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Goodell's exposes broadside in Patriots' Deflategate review
Written by  // Monday, 18 May 2015 09:42 //

goodellAs an amateur yet enthusiastic historian armed with the luxury of hindsight, I can conclude that John Paul Jones would have made one helluva NFL commissioner. Jones was the United States’ first well-known naval fighter in the American Revolutionary War and is called by some as the father of the U.S. Navy. However, his eligibility to lead the most popular sporting enterprise in the modern nation has less to do with leadership than with the proper use of tactics. John Paul Jones knew that when facing an enemy intent on blowing you out of the water, it is wise to employ a fundamental naval defensive tactic: Do not expose your broadside.

 

                In modern parlance, they call it “attack surface reduction,” which means doing everything you can to reduce the target and deflect malicious intruders. When you intentionally present the enemy with a target, you’d best be prepared to suffer the consequences. Which brings us to NFL Commissioner Roger Goodell, who last week exposed his broadside, his backside and every other side of his professional anatomy to intense fire from all sides in the Patriots' Deflategate controversy.

                While I believe QB Tom Brady and Coach Bill Belichick got off too easy, others in the League believe the four-game suspension of Brady, the docked #1 and #4 draft choices and the $1 million fine against the club were too severe. Granted, the fine for deflation of balls and similar offenses is only $25,000, but Brady and the Patriots’ insistence on denying guilt for yet another violation of the rules justified the penalties. Penalties on serial offenders should be tough.

                But now Goodell has waved a red flag in the face of his enemies. Goodell will preside over the appeal of the penalties, rejecting a request by the NFL Players Association for a neutral arbitrator to hear the case. Goodell’s decision to handle the appeal was unexpected after recent high-profile cases involving Ray Rice and Adrian Peterson, in which Goodell appointed independent arbitrators to oversee their appeals.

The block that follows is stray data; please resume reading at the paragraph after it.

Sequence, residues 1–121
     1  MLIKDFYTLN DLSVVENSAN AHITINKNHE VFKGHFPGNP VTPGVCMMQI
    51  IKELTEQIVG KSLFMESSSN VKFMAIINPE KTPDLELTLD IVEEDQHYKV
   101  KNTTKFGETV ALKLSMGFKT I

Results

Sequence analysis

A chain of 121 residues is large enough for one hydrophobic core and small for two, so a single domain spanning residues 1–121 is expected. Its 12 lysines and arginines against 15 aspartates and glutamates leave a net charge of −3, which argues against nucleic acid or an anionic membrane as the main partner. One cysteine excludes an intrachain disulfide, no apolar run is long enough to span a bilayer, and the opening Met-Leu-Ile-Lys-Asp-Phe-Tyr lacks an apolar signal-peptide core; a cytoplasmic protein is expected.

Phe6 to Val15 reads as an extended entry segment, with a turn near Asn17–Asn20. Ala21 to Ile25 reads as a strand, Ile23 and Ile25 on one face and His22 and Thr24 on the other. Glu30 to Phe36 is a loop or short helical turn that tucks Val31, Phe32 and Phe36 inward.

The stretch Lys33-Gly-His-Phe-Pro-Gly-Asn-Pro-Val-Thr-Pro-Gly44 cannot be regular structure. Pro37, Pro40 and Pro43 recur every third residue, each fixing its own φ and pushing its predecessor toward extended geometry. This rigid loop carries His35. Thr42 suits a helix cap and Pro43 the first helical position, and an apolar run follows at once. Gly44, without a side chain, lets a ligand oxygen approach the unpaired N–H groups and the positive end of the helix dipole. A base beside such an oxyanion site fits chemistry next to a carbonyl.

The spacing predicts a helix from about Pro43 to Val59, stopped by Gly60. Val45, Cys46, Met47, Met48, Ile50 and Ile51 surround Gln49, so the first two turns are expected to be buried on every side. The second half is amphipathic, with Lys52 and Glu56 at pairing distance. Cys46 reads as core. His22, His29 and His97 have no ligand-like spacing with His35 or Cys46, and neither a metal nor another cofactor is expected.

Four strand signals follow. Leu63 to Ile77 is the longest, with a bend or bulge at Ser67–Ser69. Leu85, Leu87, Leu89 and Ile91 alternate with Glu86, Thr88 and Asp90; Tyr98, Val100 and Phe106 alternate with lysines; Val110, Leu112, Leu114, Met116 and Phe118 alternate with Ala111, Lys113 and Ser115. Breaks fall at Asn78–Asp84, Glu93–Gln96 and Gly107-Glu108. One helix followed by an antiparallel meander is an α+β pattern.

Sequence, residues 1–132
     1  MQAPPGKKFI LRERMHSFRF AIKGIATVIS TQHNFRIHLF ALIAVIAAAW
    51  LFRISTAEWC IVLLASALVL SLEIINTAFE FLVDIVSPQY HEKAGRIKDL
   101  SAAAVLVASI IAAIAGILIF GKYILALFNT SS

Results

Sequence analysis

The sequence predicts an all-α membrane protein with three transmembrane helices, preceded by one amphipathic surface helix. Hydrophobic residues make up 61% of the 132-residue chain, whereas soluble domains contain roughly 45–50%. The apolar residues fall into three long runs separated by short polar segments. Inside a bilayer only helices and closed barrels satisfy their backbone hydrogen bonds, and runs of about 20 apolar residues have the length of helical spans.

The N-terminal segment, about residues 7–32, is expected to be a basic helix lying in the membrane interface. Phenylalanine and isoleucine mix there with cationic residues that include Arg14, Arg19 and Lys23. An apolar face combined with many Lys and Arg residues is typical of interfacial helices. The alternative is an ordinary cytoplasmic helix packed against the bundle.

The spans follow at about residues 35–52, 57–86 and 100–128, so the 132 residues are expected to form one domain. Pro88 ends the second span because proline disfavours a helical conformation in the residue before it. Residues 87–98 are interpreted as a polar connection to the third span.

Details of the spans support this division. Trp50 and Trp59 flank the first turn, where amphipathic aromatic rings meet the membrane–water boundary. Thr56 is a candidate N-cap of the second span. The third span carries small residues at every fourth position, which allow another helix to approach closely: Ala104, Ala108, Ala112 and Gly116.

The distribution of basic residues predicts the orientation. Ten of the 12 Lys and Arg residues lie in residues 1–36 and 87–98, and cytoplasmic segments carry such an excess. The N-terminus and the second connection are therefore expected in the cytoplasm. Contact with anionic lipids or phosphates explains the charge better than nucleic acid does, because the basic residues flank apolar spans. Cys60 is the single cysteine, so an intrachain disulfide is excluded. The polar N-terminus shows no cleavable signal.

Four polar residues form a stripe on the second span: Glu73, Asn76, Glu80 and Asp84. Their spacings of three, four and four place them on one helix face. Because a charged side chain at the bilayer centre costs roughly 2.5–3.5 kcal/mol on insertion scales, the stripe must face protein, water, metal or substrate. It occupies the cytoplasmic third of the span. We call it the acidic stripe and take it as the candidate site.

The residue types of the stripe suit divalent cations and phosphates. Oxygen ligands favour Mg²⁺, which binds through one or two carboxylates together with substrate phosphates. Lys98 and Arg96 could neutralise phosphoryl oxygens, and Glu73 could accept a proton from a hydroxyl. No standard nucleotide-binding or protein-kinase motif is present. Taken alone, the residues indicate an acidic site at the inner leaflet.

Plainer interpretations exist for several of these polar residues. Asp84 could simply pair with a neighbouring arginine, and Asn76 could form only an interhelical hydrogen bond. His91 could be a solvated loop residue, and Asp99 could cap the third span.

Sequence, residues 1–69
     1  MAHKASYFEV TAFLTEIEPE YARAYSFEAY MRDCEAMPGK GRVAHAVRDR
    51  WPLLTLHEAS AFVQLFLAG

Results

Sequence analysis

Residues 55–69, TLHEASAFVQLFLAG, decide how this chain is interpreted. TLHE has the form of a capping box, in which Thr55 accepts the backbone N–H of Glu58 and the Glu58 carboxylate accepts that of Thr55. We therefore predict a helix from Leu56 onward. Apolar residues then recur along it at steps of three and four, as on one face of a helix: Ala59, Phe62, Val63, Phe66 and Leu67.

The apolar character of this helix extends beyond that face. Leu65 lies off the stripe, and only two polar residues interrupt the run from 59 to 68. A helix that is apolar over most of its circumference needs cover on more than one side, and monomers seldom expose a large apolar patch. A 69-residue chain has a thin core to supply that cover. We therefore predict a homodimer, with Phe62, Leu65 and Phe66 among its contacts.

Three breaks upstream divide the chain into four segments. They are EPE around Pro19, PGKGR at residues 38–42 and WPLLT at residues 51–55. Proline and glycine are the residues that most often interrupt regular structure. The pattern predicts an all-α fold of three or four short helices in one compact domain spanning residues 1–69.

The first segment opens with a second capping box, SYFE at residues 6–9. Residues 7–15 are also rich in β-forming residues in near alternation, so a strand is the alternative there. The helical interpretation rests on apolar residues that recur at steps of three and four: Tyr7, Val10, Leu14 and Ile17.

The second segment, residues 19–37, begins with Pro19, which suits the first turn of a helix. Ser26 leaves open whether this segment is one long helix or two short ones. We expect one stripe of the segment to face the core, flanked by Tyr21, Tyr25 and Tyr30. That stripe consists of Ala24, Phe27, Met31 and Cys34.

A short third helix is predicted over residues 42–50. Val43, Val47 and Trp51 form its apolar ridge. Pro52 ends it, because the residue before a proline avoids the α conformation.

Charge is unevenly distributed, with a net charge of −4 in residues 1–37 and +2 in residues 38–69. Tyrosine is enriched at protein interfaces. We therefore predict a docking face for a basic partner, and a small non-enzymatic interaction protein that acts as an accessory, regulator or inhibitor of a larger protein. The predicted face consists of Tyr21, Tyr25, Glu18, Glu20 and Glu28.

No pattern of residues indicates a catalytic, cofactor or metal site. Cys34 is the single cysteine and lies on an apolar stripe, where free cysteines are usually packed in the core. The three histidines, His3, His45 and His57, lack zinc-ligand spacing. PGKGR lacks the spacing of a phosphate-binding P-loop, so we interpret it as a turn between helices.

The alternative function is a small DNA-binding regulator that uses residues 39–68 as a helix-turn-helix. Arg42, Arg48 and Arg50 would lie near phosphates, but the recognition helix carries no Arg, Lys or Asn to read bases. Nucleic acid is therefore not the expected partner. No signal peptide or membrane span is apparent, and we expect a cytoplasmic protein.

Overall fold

Former U.S. District Judge Barbara S. Jones was appointed to hear Rice’s appeal against an indefinite suspension imposed by the NFL after video emerged of him knocking out his fiancée in a hotel elevator last year. Rice won his appeal and was reinstated by the league. Goodell appointed Harold Henderson, a former Management Council executive director, to handle an appeal by Peterson, who was suspended without pay by the NFL after facing child abuse charges. Henderson upheld the suspension but his ruling was challenged by the NFLPA in federal court in Minnesota. U.S. District Judge David S. Doty ruled that the league had exceeded its authority to punish Peterson. The league appealed Doty’s ruling but later reinstated Peterson.

                And Goodell wants to face the inevitable court challenges of his authority? The 2011 Collective Bargaining Agreement gives the Commissioner the right to make decisions for the good of the League and to punish any player, coach, employee or club that threatens it. The NFLPA agreed to that right at arm’s length bargaining, and ever since has been trying to get their friends in the legal community to let them out of the obligation. I know how the NFLPA operates, having seen it up close as a member of the NFL Management Council staff from 1981-86 and after that as a club executive. They agree to Item 1 to get Item 2, and then they find every way possible to get out of the obligation of Item 1. It’s labor relations 101, but, still, it does not answer the question of why Goodell wants to hear the appeal himself.

                This is a good time to mention that the Patriots are owned by Robert Kraft, who has been Goodell’s biggest supporter among the owners. I am not sure this additional exposure of his broadside to Kraft is in his best interests. Talk around the League is that Kraft believes Goodell betrayed him by taking a hard stand against his team. That does not bode well for the Commissioner. Another round of TV negotiations will start soon, and Kraft is head of the TV committee who must work closely with the Commissioner. If Kraft bails from the committee, Goodell might find some of his support among the other owners evaporating.

                Some praise Goodell for not playing favorites with such men as Kraft and attempting to paint himself as the Commissioner for the benefit of all.  If the courts uphold whatever decision Goodell makes in the Patriots appeal, then he deserves credit. However, as we have shown, the NFLPA has been very successful at having arbitrators and courts reduce suspensions. Such a clear target as Goodell’s broadside encourages them to pull out all their legal weaponry once again and fire at will. And this time, it just might be Goodell’s ship that sinks to the bottom of the sea.

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